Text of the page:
Heatsink designs are driven by the fundamental principle that a larger surface area equates to better heat dissipation than a smaller area. Factoring in componential consent, modern aftermarket CPU tower heatsinks had to get creative to compensate and dial-in the efficiency needed, hence the rise of dual-tower cooler designs. By isolating the two ends of the heatpipe set into two separate fin arrays, the active cooling fan can cool faster due to the smaller area. Dual-tower design also results in better performance with two fans since it is pushing cool air into relatively the same fin array size rather than relegating one of the fans to simply pulling hot air. This dual-tower design is utilized in one of Scythe’s latest tower cooling solution called the Fuma.
Unlike most dual-tower heatsinks currently in the market, the Scythe Fuma is distinct because of its compact 149mm height and use of a unique split re-drafting fin arrangement. For comparison, a Noctua NH-D15 measures 160mm tall so the Scythe Fuma can easily go in most mid-tower cases with limited CPU height clearance. The Scythe Fuma also aims to deliver in value as well as performance, priced only at $55.49 with two 120mm Scythe Slip Stream fans bundled.[sc:sponsor sponsor=”Scythe” product_link=”http://www.scythe-eu.com/en/products/cpu-cooler/fuma.html” product_name=”Fuma CPU Cooler” product_price_link=”http://amzn.to/29sChpG” product_price=”$55.49 (Amazon.com)” ]
The packaging of the Scythe Fuma comes in black with the dimensions of the cooler outlined on the side for quick reference. Scythe heatsinks are relatively affordable compared to most high-end air coolers so most of the savings are actually on the packaging itself, lacking a glossy finish externally and not using foam padding inside.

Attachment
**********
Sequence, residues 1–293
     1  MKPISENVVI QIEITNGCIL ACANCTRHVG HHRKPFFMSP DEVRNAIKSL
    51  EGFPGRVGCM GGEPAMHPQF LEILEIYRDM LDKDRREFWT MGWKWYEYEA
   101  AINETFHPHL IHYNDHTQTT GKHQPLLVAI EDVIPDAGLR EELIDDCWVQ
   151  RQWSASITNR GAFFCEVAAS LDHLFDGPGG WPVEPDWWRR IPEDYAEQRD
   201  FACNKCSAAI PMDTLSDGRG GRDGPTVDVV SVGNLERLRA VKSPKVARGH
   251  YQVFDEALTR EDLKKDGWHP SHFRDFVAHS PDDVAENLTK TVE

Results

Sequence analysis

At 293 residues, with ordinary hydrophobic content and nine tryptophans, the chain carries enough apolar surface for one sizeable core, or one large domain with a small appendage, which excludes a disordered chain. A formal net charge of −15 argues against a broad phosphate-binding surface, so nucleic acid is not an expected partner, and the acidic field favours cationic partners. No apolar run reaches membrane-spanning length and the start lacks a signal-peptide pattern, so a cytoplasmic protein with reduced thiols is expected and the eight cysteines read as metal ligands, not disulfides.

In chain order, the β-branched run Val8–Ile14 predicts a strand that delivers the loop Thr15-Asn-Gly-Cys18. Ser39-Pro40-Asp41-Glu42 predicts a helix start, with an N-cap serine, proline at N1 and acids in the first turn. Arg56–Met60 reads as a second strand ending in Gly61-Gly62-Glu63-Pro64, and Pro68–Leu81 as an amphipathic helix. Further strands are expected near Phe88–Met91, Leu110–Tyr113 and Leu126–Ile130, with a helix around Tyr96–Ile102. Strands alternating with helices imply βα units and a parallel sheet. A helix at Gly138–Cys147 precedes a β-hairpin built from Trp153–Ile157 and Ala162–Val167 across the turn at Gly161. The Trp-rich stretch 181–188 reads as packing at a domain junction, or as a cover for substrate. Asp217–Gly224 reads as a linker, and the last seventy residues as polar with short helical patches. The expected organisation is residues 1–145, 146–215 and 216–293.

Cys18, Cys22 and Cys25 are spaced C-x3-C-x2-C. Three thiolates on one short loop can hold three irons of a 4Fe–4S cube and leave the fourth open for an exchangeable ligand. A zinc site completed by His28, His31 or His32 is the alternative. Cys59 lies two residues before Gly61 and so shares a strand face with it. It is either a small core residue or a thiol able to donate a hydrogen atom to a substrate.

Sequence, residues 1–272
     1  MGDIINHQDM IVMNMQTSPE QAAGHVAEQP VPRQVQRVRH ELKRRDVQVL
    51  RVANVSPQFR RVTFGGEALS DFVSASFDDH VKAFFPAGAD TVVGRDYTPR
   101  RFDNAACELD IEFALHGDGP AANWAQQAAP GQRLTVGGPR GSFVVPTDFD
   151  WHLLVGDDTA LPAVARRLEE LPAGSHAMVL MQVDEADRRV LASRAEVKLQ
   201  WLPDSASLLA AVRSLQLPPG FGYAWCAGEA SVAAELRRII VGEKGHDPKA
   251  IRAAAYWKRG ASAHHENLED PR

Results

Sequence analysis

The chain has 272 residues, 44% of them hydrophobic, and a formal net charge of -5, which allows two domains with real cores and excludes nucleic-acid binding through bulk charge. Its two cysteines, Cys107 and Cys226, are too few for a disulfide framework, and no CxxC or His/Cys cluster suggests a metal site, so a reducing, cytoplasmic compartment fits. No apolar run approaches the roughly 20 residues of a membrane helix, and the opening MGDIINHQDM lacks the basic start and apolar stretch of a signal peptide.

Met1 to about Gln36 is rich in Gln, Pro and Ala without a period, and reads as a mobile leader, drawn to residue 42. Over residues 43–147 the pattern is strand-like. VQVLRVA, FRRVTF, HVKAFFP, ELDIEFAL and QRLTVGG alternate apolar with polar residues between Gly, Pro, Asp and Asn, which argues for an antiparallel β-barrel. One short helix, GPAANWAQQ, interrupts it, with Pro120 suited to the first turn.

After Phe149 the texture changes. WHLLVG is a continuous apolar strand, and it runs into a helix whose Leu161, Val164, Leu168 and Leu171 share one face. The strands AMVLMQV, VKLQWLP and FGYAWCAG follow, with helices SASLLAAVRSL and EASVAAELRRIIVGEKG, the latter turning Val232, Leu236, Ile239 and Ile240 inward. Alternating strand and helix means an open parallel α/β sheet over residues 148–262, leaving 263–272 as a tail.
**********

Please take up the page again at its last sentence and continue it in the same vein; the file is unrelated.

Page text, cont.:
The Fuma heatsink instead is cradled in the middle between the two bundled Scythe Slip Stream 120mm SY1225SL12M-CJP fans on each side. Holding it in place is a cardboard top, but otherwise there is not much in terms of protection. In fact, the edge of one of the aluminum fins already is bent from the packaging.
The accessories are stored in a smaller box in the middle. The mounting setup is similar to the previously reviewed Scythe Ninja 4. The accessory box contains a metal backplate for Intel systems, a mini-spanner, 2x mounting brackets, a mounting bar, 4x LGA2011 mounting nuts, 4x screws for securing the brackets to the mounting nuts, 2x locking screws for the mounting bar, 4x mounting nuts and 4x insulator washers for non-LGA2011 motherboards, a small tube of thermal compound, an LGA775 backing adapter mount, a 4-pin PWM connector splitter, and three pairs of fan clips for installation of up to three fans.
|Socket Compatibility||Intel: Socket LGA775, LGA1150, LGA1151, LGA1155, LGA1156, LGA1366, LGA2011 / 2011-v3 (Square ILM). AMD:
Socket AM2, AM2+, AM3, AM3+, FM1, FM2, FM2+
|Dimensions without fan||137 x 149 x 103 mm|
|Dimensions with fan||137 x 149 x 130 mm|
|Weight||920 g / 32.45 oz|
|Heatpipe||6 x 6mm|
|Base Material||Nickel Plated Copper|
|Fan Bundled||2x Slip Stream 120 PWM SY1225SL12M-CJP|
|Fan Airflow||5.6 ~ 79.0 CFM – 9.51 ~ 134.20 m³/h|
|Fan Speed||300 (±300 rpm) ~ 1.400 rpm (±10%) (PWM-controlled)|
|Static Pressure||0.1 ~ 15.3 Pa / 0.01 ~ 1.56 mmH²O|